9. In accordance with Mr. Whitney's request, I investigated the claims of said patent in light of the prior art of which I then was aware. From my investigation, I concluded that said patent could support broader claims whose scope, broadly, is the combination of a linear array of fixed, selectively energizable light elements, each being selectively energized from an inactive condition to an active condition to provide a visual light mark representing its active condition, a detector for detecting a predetermined signal as the record tape, upon which the predetermined signal is recorded, is being scanned to produce an actuating signal, a storage device for storing the actuating signal and an energizing circuit for energizing a respective light element, commensurate with the location of the record tape being scanned, with the stored actuating signal so as to provide, upon scanning the record tape, a display of the relative locations of the predetermined signals on the record tape. I further concluded that the limitations in the broadest claim of said patent, quoted above in paragraph 5, is [sic] not essential for practicing the broad teachings of the invention disclosed in said patent, and I advised Mr. Whitney that, because of this limitation, the scope of the patent was not adequate to protect the invention properly.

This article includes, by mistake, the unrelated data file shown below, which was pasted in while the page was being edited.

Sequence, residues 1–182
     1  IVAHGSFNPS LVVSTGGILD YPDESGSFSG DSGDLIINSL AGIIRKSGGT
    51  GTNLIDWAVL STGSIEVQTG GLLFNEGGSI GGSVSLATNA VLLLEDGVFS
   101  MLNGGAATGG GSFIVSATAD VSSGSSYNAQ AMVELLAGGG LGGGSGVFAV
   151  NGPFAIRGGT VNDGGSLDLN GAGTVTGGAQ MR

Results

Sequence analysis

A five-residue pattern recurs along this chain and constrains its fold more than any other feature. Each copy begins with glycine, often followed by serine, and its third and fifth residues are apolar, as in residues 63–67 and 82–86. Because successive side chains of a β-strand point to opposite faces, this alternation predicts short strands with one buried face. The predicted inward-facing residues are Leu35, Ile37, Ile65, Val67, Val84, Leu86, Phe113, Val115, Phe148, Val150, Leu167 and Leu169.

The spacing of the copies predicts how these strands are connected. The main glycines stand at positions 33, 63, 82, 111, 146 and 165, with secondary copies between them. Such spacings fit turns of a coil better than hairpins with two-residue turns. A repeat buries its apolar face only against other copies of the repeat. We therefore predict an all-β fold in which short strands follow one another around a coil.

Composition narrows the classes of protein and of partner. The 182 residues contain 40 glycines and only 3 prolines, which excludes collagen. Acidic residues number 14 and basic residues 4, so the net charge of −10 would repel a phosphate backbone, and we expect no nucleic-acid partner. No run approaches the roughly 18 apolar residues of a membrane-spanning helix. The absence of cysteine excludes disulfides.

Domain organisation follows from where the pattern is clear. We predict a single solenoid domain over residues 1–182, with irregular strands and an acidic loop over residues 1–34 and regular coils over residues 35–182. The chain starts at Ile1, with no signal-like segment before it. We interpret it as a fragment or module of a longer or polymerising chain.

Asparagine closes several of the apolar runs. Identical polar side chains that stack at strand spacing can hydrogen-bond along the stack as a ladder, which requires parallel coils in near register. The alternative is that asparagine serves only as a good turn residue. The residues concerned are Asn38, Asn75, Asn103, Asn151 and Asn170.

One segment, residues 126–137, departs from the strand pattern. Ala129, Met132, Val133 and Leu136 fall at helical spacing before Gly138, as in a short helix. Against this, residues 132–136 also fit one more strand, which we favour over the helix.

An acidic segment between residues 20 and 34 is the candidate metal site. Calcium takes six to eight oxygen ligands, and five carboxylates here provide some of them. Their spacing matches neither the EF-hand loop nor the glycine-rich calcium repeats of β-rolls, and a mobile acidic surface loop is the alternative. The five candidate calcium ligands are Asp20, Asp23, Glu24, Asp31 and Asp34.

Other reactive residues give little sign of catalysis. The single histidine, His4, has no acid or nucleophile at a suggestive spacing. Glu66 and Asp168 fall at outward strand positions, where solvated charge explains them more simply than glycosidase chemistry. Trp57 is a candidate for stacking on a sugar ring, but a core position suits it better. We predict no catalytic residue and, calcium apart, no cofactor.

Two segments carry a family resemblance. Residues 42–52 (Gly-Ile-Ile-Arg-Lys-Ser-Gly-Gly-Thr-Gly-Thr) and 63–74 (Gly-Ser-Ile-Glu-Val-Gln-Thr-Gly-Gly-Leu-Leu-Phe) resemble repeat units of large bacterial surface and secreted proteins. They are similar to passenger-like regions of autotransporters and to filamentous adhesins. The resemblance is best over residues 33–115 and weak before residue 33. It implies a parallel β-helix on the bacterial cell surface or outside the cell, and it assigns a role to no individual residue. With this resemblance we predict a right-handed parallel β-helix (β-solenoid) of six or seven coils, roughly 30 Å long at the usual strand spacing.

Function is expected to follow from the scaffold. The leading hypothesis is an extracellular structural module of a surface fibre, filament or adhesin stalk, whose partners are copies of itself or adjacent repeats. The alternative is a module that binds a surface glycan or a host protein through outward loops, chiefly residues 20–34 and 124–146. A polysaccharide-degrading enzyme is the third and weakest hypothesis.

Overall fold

10. I recognized, when I investigated the claims of said patent, that my speculation of the prior art, as hereinabove stated, was unwarranted and erroneous.
These statements in the declarations accompanying the reissue application show that the error relied upon is the attorney's failure to appreciate the full scope of the invention. That error arose because the attorney assumed the presence of features in the prior art that were not there. The board concluded this is not error that may be corrected through reissue because the defect could have been discovered during prosecution of the original patent. The board said, " [t]here may have been a lack of prescience of the existence of a genus but such lack of prescience does not constitute an error in the sense of section 251."
The error provision of 35 U.S.C. § 251 is to be liberally construed to permit correction of defects. Ball Corp. v. United States, 729 F.2d 1429, 1436, 221 USPQ 289, 294 (Fed. Cir. 1984); In re Oda, 443 F.2d 1200, 1203, 170 USPQ 268, 270 (CCPA 1971). An attorney's failure to appreciate the full scope of the invention is one of the most common sources of defects in patents. The fact that the error could have been discovered at the time of prosecution with a more thorough patentability search or with improved communication between the inventors and the attorney does not, by itself, preclude a patent owner from correcting defects through reissue. In this case, the attorney's error was discovered after commercialization of the invention and issuance of the patent. An application for broader claims was filed within two years after the original patent issued. Under these circumstances, the attorney's explanation of his error in misunderstanding the scope of the invention is sufficient to satisfy the error requirement of 35 U.S.C. § 251. We accordingly reverse the board's rejection for failure to allege error correctable through reissue.